Oscar told me a lot of the students at the school have a history of behavior problems in traditional classrooms, but at Omega, they don’t see those behaviors. He says “Everyone is very focused, everyone speaks nicely to each other. We take them away from their peers and people are pretty nice.” He explained that in the high school environment these students made poor choices and while they weren’t “those people” they were hanging around those people, following them. He describes the study environment at Omega as relatively quiet which is important because many of the students have a lot of chaos in their lives. By keeping it quiet they can settle down and he wants it to be a nice place to come to get focused.
I asked Oscar what the school’s graduation rate was and he told me it was about 30% which might not seem impressive, but considering the students they take in are those that can’t get in to other programs, it is absolutely astounding. He said Omega’s average age is younger than other schools—closer to 20 so they’re less mature and “rougher around the edges.” These aren’t the kids that have parental support and just need a few courses to get to graduation. These are kids with a lot of odds stacked against them.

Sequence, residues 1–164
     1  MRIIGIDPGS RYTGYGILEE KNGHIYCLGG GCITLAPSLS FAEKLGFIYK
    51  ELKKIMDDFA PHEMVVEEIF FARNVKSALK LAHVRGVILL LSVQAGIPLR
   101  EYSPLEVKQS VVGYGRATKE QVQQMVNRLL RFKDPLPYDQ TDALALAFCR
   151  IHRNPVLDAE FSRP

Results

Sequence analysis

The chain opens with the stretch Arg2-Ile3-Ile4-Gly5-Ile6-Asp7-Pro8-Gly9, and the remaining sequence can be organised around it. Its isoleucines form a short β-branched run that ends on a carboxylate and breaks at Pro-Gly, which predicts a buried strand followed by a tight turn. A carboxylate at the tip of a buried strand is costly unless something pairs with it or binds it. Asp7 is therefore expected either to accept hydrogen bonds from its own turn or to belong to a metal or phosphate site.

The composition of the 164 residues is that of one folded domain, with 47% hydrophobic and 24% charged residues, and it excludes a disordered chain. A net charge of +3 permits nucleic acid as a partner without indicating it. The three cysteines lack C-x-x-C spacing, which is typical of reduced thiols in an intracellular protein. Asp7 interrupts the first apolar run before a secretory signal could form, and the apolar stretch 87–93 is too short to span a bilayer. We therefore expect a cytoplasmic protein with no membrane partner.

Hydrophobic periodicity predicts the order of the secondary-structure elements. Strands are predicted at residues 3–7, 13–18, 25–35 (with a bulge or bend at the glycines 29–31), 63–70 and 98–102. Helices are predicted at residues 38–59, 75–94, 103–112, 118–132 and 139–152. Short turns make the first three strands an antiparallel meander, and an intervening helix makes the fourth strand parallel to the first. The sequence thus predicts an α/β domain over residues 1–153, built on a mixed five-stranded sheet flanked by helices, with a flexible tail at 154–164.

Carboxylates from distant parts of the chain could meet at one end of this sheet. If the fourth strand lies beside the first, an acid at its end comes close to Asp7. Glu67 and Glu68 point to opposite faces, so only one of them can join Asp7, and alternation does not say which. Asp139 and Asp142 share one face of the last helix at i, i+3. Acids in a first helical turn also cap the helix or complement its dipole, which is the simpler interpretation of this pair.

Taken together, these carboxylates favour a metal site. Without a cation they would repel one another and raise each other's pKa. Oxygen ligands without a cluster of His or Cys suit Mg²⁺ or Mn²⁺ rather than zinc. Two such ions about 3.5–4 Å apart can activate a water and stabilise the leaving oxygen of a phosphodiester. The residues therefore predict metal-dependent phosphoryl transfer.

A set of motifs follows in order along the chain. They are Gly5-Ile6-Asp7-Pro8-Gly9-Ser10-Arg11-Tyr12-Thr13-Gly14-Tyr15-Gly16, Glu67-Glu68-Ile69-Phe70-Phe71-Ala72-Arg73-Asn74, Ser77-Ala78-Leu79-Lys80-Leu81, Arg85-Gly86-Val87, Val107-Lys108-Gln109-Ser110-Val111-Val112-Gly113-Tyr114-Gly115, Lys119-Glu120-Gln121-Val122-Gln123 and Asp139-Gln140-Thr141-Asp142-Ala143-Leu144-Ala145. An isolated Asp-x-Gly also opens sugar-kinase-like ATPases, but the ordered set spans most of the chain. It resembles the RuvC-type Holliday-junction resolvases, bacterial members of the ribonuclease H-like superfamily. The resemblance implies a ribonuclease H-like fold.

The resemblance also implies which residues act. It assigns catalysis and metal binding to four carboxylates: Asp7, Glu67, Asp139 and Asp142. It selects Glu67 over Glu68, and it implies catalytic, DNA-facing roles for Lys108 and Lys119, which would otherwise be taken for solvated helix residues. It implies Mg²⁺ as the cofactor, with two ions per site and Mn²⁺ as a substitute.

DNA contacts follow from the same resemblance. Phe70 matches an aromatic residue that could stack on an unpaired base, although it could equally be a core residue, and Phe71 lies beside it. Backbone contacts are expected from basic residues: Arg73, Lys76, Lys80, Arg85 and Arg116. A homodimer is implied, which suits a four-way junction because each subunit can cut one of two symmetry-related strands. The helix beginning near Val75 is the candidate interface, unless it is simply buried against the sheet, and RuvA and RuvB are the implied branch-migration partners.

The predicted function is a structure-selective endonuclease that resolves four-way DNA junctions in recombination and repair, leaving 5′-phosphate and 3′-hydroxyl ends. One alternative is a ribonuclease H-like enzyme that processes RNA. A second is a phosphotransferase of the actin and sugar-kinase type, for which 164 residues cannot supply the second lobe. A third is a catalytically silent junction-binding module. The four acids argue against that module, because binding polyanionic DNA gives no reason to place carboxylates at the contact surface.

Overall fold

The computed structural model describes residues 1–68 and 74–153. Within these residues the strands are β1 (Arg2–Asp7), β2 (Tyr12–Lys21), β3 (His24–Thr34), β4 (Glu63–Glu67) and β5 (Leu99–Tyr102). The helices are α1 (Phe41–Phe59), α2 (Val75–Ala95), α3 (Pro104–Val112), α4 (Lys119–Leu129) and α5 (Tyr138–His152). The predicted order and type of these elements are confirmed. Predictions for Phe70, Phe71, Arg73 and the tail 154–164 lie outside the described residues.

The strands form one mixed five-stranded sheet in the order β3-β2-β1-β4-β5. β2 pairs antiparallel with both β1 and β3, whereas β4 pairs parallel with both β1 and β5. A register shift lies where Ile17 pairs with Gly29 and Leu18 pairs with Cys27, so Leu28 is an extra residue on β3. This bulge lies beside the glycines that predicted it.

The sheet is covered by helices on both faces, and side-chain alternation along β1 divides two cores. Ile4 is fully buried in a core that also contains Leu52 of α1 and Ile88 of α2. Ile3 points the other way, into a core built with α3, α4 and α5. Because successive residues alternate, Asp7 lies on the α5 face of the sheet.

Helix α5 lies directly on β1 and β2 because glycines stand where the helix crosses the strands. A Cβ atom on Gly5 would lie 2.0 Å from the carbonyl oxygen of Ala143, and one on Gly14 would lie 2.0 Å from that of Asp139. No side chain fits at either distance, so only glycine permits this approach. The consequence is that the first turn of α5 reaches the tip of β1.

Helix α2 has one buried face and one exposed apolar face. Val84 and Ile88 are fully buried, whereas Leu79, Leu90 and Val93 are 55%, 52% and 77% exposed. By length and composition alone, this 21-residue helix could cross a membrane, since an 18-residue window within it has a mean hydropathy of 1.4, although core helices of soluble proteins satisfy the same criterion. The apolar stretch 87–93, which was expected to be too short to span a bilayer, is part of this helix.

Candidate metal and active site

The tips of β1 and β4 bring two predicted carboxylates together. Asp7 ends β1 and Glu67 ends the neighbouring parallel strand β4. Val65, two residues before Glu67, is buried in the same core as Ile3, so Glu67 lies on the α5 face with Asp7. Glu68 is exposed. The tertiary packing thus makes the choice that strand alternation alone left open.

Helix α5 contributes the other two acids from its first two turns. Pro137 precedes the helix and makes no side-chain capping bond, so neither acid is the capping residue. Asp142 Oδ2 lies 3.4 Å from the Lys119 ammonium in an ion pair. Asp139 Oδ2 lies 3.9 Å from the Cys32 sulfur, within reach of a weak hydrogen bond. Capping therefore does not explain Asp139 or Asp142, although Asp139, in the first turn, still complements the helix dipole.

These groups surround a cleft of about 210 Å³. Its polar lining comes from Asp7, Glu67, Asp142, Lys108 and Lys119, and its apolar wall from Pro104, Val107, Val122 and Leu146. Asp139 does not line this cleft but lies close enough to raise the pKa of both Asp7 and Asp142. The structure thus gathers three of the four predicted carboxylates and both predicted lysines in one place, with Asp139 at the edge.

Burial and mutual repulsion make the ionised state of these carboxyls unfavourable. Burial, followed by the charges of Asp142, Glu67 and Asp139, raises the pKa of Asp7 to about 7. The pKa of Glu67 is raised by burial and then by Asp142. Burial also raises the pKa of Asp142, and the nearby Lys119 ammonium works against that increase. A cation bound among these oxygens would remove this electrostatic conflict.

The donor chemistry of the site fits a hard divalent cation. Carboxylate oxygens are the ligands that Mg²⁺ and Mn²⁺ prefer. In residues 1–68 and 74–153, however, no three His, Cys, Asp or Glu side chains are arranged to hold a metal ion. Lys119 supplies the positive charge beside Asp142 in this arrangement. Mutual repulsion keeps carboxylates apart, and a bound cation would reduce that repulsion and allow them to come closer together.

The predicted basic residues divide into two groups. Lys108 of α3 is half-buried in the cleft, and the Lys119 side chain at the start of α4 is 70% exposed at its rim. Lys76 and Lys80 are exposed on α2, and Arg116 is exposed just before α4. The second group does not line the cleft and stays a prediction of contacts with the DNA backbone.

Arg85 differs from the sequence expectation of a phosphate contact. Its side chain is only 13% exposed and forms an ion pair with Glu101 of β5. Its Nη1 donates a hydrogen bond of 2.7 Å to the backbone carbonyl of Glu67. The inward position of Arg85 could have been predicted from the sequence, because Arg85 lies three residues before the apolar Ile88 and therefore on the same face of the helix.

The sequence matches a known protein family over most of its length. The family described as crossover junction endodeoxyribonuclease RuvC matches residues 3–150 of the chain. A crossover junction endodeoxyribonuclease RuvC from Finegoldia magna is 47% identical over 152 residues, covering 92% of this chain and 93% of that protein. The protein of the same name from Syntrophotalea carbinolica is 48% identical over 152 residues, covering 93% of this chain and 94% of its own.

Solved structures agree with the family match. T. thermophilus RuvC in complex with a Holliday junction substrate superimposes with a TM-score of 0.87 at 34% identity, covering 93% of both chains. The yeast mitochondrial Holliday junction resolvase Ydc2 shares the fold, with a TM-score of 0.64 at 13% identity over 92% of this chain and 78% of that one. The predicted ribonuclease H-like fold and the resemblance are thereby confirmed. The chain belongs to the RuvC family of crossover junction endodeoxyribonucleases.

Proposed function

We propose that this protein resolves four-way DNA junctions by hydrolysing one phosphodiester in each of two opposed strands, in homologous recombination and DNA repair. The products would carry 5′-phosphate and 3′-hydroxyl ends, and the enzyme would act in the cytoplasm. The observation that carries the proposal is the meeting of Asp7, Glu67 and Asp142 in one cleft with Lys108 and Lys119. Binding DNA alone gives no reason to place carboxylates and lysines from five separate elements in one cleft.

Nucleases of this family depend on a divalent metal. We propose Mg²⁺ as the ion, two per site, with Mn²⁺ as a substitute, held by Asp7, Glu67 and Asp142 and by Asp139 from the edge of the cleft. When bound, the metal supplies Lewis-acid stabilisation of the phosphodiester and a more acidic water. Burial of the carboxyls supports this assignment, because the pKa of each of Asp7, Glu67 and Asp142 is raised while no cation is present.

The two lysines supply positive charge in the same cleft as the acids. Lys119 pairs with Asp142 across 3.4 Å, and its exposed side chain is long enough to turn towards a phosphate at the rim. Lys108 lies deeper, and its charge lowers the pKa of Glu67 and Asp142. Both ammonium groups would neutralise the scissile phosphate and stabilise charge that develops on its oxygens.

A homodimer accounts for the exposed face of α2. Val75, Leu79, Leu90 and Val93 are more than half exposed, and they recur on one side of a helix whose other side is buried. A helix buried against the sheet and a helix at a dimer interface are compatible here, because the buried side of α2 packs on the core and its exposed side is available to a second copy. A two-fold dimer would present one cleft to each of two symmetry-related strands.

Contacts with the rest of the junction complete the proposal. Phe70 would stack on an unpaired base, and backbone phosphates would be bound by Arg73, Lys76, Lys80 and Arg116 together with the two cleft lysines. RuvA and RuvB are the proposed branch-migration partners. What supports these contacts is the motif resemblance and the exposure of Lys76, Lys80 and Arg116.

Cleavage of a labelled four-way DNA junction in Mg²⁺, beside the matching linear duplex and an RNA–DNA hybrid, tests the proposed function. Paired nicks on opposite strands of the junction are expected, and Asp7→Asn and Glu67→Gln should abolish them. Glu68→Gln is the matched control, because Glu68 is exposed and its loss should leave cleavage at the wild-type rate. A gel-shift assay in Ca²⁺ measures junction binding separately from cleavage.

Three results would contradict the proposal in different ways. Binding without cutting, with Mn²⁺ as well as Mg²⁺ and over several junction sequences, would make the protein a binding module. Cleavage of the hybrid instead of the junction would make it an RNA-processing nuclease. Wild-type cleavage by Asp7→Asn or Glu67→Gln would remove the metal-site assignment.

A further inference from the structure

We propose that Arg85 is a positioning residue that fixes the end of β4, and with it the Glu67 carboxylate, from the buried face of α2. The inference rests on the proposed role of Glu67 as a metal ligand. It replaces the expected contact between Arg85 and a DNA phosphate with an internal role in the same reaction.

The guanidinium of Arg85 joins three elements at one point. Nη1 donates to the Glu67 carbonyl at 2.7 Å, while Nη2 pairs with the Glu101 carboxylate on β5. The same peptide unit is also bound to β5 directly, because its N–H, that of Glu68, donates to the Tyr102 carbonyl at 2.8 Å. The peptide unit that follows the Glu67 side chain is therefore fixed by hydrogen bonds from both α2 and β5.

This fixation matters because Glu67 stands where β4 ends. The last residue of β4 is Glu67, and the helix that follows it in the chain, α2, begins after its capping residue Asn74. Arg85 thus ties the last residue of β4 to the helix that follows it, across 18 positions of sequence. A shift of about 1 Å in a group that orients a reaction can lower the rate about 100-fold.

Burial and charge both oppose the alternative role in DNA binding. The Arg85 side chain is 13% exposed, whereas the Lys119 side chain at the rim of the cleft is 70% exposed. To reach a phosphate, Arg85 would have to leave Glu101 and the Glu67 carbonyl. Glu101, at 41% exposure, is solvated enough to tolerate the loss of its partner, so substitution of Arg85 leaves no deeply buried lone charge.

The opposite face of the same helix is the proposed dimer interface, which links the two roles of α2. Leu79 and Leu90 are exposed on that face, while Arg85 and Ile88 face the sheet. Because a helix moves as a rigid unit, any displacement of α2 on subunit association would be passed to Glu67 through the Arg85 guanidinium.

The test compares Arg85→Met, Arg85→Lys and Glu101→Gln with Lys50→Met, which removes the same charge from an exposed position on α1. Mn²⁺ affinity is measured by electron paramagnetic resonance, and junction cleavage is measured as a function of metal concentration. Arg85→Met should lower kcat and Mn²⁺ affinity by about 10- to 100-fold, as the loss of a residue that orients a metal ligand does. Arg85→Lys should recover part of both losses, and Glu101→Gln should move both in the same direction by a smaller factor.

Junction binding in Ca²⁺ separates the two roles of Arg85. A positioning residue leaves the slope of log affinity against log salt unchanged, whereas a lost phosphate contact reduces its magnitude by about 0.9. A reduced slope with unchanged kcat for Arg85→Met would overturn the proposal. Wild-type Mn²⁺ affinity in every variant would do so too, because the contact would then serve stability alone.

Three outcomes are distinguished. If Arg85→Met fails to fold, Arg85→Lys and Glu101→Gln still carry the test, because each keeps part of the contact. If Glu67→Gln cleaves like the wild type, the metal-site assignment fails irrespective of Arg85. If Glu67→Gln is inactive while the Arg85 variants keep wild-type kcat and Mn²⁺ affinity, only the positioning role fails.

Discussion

Oscar, the poet
I also had a chance to ask Oscar about his role as Madison’s Poet Laureate, “It’s what you make it, there isn’t a job description.” He told me about several events and various readings he is doing; he will also be teaching a six week class for Latino high school writers later this year. He recently participated in the poetry on the bus program with Madison Metro. Since its beginnings in 2009, the project has seen huge growth. This year over 300 poems were submitted from which 30 were selected to be displayed on the buses.
Oscar told me he has plans to bring all the area’s poetry groups together. He wants to give everyone the opportunity to share what they do and talk about ways they can support each other and help reach a larger audience. His goal is to “take things up another level or two. That’s what I’m trying to do by bringing the community together and I will ask people to get involved.”
If you’d like to support the important work done at Omega School, please consider donating here.